Narrating Lagos: Beyond the Chronicler’s Paltry View

Teju Cole
Teju Cole

Everyday Is For the Thief
By Teju Cole
Random House, New York
Illustrated, 162 pp.
$23

This is a small book that packs a big punch. “Every day is for the thief, and one day is for the owner” is a Yoruba proverb for the inevitability of right over wrong, justice over injustice, harmony over disorder, humanity over inhumanity. It is an optimism that this highly readable book does not bear out. Teju Cole, whose given names are Obayemi Babajide Adetokunbo Onafuwa, is the author of Everyday Is For The Thief. He is American-born and Nigeria-bred. An art historian, essayist and photographer, he is also the author of Open City, a widely-acclaimed novel. Everyday Is For The Thief is a work of fiction first published in Nigeria in 2007 and later by Random House, New York, in 2014. Cole’s narrator is an unnamed young psychiatrist of Nigerian origins who lives in New York City. After fifteen years away from home, which for him is Lagos, he returns on a visit.

His detailed account of this visit, which reads more like a travel diary than anything else, leaves nothing to imagination. It is a gut-wrenching portrayal of Lagos as a city suffering from physical and moral collapse. His journey starts at the Nigerian consulate in New York City, where he and the other people applying for passports and visas suffer callous indifference and extortion in the hands of consulate officials, even with a posted sign that reads, “Help us fight corruption. If any employee of the Consulate asks you for a bribe or tip, please let us know.” The narrator notes that there is no phone number on the notice, so a customer would have to report to the extortionist.

The consulate’s atmosphere foregrounds the narrator’s entire journey. On arrival in Lagos, he witnesses airport officials, toll gate collectors, and police officers openly engaging in bribery and stealing, while a billboard proclaims, “Corruption is Illegal: Do not Give or Accept Bribes.”

The narrator makes an intentional and intimate exploration of the city, taking rickety Danfo buses to experience the daily life of the average Lagosian. Even though he never experienced the assault of the area boys during these explorations, he reared back to tell the comical but frightening story of how his street-wise uncle out-blusters a tout menacing him on Oshodi bypass by shouting: “Waste me? Waste me? Are your eyes functioning? Look at me very well before you say another word. You don’t recognise me? I will injure you, I will kill you. You understand? I will kill you! Do you know who you are talking to? Ehn? Do you know me? I will make your wife a widow!” This scenario could not possibly be new to our narrator who left Lagos at seventeen. This is what Lagosians call shakara, a part of the Lagos character, which is also the title of a famous song by Fela on this phenomenon. The best performer in this urban drama wins.

Cole’s narrator seems determined to see Lagos at its worst, telling extreme stories at every turn to drive home his point. The same book could be written about New York, Bombay or most cosmopolitan cities in the world, if put under the same harsh and unforgiving glare. His account is also dated. There have been significant improvements in Lagos since the book’s publication…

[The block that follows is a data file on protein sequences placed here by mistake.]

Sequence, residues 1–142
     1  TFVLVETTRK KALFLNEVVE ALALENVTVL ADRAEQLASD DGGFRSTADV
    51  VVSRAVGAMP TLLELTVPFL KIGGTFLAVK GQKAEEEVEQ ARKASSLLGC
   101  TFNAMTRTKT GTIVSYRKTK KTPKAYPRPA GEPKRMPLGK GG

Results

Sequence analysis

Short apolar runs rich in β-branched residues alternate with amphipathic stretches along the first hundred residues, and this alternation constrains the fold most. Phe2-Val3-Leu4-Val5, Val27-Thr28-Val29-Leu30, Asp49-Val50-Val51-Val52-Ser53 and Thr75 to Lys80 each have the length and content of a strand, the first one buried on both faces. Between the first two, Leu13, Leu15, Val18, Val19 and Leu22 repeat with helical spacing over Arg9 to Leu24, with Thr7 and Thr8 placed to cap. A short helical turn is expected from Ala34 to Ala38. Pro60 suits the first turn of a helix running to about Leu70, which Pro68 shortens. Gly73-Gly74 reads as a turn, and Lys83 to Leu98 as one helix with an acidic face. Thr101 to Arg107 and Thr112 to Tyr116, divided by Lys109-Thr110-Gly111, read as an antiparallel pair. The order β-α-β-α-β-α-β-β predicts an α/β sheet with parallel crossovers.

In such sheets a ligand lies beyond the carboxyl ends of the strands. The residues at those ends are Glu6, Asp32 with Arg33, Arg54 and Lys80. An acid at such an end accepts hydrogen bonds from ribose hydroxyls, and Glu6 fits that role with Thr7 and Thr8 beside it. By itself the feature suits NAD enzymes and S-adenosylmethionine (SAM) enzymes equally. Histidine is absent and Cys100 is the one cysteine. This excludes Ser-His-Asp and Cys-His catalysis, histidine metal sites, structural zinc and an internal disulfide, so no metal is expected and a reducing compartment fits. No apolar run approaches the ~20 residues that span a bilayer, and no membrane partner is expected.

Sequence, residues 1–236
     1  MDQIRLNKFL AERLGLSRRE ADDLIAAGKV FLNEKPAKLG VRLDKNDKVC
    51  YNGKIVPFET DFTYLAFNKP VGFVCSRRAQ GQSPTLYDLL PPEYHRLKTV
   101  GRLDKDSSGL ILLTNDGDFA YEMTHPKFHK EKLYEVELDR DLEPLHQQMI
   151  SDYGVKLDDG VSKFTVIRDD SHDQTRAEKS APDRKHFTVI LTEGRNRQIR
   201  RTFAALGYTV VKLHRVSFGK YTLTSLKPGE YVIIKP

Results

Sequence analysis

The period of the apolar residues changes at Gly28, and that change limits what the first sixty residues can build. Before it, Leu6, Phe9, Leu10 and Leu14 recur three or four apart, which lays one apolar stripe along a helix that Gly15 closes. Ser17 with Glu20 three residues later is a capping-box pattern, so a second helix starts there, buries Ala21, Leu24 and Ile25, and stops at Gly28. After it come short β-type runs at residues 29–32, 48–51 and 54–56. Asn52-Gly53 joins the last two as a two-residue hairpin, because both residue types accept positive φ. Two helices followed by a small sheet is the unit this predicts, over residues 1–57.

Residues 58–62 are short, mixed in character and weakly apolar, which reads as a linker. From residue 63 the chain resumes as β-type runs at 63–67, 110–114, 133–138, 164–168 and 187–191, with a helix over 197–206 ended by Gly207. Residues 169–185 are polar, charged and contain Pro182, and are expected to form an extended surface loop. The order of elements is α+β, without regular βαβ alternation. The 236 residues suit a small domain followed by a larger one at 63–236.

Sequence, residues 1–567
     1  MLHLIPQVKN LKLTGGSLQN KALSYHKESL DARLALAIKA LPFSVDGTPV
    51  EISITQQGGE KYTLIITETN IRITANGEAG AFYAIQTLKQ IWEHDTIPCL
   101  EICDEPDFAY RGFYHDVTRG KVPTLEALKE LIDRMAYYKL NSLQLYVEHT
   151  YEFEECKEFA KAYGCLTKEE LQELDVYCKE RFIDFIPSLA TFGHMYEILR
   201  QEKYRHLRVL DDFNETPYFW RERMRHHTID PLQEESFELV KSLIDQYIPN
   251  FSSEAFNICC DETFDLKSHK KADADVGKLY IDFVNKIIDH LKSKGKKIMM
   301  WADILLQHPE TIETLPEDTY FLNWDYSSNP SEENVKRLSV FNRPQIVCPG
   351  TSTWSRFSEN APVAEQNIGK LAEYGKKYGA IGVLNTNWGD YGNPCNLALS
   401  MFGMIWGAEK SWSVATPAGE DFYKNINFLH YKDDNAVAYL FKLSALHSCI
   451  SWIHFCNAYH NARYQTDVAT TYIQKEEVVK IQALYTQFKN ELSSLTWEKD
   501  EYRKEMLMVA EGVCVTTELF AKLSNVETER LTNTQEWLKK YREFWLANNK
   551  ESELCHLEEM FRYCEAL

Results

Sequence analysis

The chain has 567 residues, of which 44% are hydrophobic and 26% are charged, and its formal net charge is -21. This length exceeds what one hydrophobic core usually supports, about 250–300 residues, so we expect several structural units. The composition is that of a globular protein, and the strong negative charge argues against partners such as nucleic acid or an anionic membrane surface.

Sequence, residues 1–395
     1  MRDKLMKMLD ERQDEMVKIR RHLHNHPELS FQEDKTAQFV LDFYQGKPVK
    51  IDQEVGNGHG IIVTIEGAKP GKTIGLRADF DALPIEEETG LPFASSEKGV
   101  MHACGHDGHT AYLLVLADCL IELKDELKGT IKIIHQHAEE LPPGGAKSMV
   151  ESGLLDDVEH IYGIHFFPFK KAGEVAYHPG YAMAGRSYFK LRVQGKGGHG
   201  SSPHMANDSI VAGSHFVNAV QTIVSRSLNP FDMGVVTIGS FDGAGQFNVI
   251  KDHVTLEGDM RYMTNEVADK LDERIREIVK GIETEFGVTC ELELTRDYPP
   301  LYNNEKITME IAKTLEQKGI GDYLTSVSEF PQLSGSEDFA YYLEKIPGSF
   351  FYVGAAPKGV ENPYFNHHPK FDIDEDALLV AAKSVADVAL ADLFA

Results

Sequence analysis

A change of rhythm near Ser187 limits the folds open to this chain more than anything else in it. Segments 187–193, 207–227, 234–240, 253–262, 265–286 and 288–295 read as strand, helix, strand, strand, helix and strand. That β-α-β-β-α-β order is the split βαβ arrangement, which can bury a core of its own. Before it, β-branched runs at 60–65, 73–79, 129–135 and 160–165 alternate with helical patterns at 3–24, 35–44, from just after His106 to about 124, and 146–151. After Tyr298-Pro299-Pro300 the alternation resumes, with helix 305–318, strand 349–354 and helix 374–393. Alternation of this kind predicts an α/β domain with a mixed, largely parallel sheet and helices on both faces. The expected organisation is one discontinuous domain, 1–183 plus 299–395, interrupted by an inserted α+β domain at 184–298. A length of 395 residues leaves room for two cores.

It is a pattern in this book that when the narrator can not find anything tragic or unfortunate in his perambulations, he resorts to telling tabloid-like old stories of the misfortunes of family and friends. Like the typical Western journalist, who comes with a preconceived notion of Africa, his account is loaded with undiluted Afro-pessimism. Everyone and everything is in a crisis. He attends a family wedding, an event full of joy and hope, a cultural event in which Nigerians are heavily invested. His report of this happy occasion is laced with tragedy. Must Mrs. Adelaja, a prominent guest at the high table lose her husband to armed robbers who murdered him under the most gruesome and humiliating circumstances years earlier?

The narrator’s childhood friend, Rotimi, now a doctor, pays him a visit, which should be a joyful reunion. No, our narrator must make him suffer some tragedy. His younger brother had to die in a terrible car accident. Must the narrator’s old love, Amina, now married with a baby, lose some of her fingers in a food processor? It goes on and on, the need to not only dredge sorrow and tragedy from the lives of the people around him but also cast them as having little or no agency over their lives. Not even Tejuoso market is spared. The story of the lynching of a young thief some time ago is told in exquisite detail even, although he himself did not see it. He finally finds solace at the Musical Society of Nigeria (MUSON) because it fulfills his imagination of a good music school with its potential to become a Julliard.

While he laments that he could not find creative refuge in the city, he forgets that Fela, the father of Afro-beat found it, and made his music a world-wide phenomenon, and that Lagos is the birthplace of Nollywood, the third largest film industry in the world, and it continues to be the creative hub for music, fashion and art. He suffers willful forgetting about the city. In spite of the hardship from power cuts and noise pollution, the narrator himself finds enough creative refuge to pen a book-length account of his trip.